by Noel Michaels
Pegasus World Cup Day arrives to Gulfstream Park this weekend and the 12-race card is everything you would expect from a day of racing and wagering with purses rivaling Breeders’ Cup Saturday, thanks to nine total stakes races worth in excess of $17 million. The headline event, of course, is the $9 million Pegasus World Cup Invitational.
Let’s take a closer look.
The Pegasus World Cup, to be run at a distance of 1 1/8 miles, drew a field befitting its purse by attracting just about every major handicap division horse still in training. The race is headlined by Breeders’ Cup Classic (G1) champion Accelerate, who comes in riding high and looking nearly unbeatable on the strength of a four-race winning streak (all Grade 1s) capped off by the Classic on Nov. 3 at Churchill Downs. In all, Accelerate won 6 of 7 races in 2018 for a total of $5 million in earnings for trainer John Sadler and basically seems to be without any major weakness. He is the 9-5 morning line favorite, but may go off closer to even-money at post time.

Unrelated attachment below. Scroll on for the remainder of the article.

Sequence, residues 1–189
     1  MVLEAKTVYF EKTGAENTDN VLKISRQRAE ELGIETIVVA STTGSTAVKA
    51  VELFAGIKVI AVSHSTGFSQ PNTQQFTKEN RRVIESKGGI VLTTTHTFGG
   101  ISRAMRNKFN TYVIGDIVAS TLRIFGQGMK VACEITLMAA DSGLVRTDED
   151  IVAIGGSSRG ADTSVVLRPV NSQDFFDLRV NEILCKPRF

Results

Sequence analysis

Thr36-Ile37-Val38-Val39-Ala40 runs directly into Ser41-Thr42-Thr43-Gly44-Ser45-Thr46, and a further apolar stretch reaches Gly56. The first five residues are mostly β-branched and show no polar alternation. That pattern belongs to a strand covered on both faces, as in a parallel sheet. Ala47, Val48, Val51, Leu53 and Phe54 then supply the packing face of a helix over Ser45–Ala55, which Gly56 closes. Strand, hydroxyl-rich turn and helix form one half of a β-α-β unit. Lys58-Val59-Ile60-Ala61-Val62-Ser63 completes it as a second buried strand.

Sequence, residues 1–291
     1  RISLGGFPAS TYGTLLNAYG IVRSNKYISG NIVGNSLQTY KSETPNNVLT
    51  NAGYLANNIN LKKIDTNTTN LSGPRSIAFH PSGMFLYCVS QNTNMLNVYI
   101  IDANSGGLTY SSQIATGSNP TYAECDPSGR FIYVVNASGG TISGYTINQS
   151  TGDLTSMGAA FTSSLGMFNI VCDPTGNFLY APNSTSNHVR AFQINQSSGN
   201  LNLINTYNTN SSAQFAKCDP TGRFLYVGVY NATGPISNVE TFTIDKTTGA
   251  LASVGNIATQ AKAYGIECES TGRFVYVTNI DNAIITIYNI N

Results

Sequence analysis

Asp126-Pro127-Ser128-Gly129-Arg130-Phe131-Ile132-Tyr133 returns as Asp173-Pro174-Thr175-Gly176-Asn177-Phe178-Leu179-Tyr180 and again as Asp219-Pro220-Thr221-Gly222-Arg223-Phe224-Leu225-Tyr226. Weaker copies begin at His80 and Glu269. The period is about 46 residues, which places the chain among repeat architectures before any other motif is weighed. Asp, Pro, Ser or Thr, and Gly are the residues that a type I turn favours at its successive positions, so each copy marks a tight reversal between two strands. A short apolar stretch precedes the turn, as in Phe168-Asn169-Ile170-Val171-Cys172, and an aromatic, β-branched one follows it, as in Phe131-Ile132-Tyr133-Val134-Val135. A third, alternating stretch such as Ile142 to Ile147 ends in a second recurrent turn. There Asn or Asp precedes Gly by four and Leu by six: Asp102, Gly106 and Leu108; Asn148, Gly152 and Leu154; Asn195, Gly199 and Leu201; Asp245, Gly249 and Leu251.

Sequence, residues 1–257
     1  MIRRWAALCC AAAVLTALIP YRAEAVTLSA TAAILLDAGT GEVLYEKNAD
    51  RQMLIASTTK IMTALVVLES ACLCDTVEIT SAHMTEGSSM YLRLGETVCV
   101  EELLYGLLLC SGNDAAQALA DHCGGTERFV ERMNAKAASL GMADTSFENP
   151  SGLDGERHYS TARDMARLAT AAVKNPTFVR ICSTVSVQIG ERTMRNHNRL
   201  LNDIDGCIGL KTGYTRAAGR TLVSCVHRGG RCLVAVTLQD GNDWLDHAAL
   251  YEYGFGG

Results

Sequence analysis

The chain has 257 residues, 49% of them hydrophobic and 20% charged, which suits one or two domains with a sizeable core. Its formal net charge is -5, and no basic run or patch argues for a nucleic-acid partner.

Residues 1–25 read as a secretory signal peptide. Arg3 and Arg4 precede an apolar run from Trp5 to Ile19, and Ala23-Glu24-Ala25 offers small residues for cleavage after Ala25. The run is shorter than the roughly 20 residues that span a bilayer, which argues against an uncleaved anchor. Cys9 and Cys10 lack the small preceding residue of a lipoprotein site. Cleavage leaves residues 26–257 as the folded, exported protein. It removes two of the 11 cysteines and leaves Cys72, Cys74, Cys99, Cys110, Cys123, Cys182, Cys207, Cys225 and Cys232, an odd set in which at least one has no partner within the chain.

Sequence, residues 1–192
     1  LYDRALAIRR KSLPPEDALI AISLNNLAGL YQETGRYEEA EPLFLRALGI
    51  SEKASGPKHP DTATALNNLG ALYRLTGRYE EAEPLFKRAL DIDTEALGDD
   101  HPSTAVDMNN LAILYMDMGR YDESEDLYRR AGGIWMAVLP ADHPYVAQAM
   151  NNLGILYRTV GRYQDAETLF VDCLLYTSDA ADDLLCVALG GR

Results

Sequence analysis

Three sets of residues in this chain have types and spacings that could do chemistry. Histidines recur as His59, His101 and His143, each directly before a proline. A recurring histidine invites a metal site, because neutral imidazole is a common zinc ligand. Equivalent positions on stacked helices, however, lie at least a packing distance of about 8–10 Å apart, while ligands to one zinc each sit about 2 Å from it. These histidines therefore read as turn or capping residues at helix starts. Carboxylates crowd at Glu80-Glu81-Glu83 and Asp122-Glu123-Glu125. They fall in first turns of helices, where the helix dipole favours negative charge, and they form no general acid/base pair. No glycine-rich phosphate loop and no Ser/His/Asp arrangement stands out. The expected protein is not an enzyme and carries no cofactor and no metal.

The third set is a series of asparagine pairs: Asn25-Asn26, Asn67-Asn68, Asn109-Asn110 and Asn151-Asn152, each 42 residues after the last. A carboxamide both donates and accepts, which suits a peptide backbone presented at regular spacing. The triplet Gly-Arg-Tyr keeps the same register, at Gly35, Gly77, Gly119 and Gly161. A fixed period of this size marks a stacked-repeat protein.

In Accelerate’s favor, in addition to his sparkling record, are fairly consistent, good speed figures and a versatile stalking/pressing running style that keeps him out of trouble, both in terms of pace and traffic. He also draws a good post — number five — which is critical because the majority of Gulfstream’s 1 1/8-mile dirt races are won from the inside five posts.
He is fresh off a 2 ½-month break, but also happened to run perhaps his best race ever off a similar freshening when he destroyed the field in the Pacific Classic (G1) by 12 lengths off of a 12-week rest.